There are so many opportunities, so many points on the urban agricultures spectrum, that we can’t even say “urban agriculture is what it is.” That fact is that “urban agricultures are what they are,” and city governments in different areas should embrace many of them. Of course, public authorities need to practice their usual due diligence in terms of personal and public safety, but the emphasis of policy should not be on toleration or permission, but management and stewardship of the health, environmental, community and economic yields of urban ag. This is in marked contrast to the present mode of civic management over urban agriculture. "

- Wayne Roberts [8]

Key Resources

  • Ranking of Top 50 influencers, projects, professionals and cities active on Twitter seeking and sharing Ideas, Strategies, References and Solutions for Resilient, Liveable and Shareable Cities. [9]

The article mentions the following:

  1. Open-data initiatives and hackathons, like New York City's BigApps competition
  2. Parking apps that show drivers where the nearest available parking spot it.
  3. Apps that let users "adopt" city property so the city doesn't have to spend money sending personnel to tend to them.
  4. High-tech waste management systems. Pay As You Throw (PAYT) garbage disposal would encourage people to recycle more and waste less
  5. All-digital and easy-to-use parking payment systems -- think EZ-pass for parking.
  6. A city guide app, with information about museums, parks, landmarks, public art, restaurants
  7. Touchscreens around the city
  8. Wi-Fi in subway stations and on trains
  9. Sustainable and energy efficient residential and commercial real estate.
  10. Dynamic kiosks that display real-time information, concerning traffic, weather and local news, like Urbanflow in Helsinki.
  11. App or social media-based emergency alert and crisis response systems -- every citizen should have access to vital information
  12. Police forces that use real-time data to monitor and prevent crime.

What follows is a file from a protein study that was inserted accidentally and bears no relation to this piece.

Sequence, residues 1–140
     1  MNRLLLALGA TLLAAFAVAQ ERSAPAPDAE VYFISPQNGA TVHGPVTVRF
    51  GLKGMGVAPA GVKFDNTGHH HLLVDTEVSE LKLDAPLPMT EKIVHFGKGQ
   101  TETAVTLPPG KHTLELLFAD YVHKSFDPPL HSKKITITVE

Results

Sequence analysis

13. More public transit, high-speed trains, and bus rapid transit (BRT) to help citizens traverse the city with speed and low emissions.
  14. OLED lights and surveillance in high-crime zones, like the 24/7 system coming to Kolkata
  15. Charging stations, like the solar-powered Strawberry Tree in Serbia. They also function as bus stops and Wi-Fi hot spots.
  16. Roofs covered with solar panels or gardens. You could even generate solar energy on bike paths, like Amsterdam's SolaRoad.
  17. Bike-sharing programs, like in Paris, Washington, D.C., and the ones coming to Los Angeles and New York.
  18. A sharing economy, instead of a buying economy. If we share or rent from each other, we each need to buy and store fewer goods -- think Rent the Runway, Netflix, Airbnb.
  19. Smart climate control systems in homes and businesses, for example, the Nest thermostat.
  20. Widespread use of traffic rerouting apps, such as Greenway and Waze.
  21. Water-recycling systems
  22. Crowdsourced urban planning, like Brickstarter.
  23. Broadband Internet access for all citizens
  24. Mobile payments. Everywhere. For food, apparel and public transportation.
  25. Ride-sharing programs

Key Articles

  • This is the key mustread essay to start with, outlining the key move from commons within a city, to the city itself as a commons:
  • The City as a Commons. By Sheila Foster and Christian Iaione. Yale Law & Policy Review, Vol. 34, No. 2, 2016 [10]

More Readings

  1. Pulska Grupa: P2P Urbanism: From Exclusion to Autonomy‎
  2. Design for a Post-Neoliberal City. Jesko Fezer. e-flux journal 17, 06/2016. [11] "From being strategic sites for the implementation of neoliberal policy, cities may possibly become a new political arena for experiments in democracy—and thus require a new design.
  3. Adaptive Architecture, Collaborative Design, and the Evolution of Community: Text by Eric Hunting, on the future of a p2p-based 'Adaptive Architecture'.
  4. David Barrie: Towards Open Source Place-Making
  5. Codes and the Architecture of Life. By Michael Mehaffy
  6. Jason F. Mclennan. The Urban Agriculture Revolution. Bringing Food into Living Cities.]: An important and sensible overview of why this is happening.
  7. Urban Public Spaces as Commons, in the article, CHALLENGE OF NEW COMMONS – URBAN PUBLIC SPACES . Veronika Poklembovái, Tatiana Kluvánková-Oravskáii, Maroš Finkaiii. [12]: "In this paper we are critically discussing with existing literature and case studies the applicability and relevance of the design principles for urban public spaces as urban commons."

Bio-urbanistic approaches

  • Introduction:
  1. Peer-to-Peer Themes and Urban Priorities for the Self-organizing Society. By Nikos A. Salingaros. University of Texas at San Antonio. A contribution from April 26, 2010.
  2. A Brief History of P2P-Urbanism. Great intro by Nikos A. Salingaros & Federico Mena-Quintero
  3. Stefano Serafini on the Emergence of Biourbanism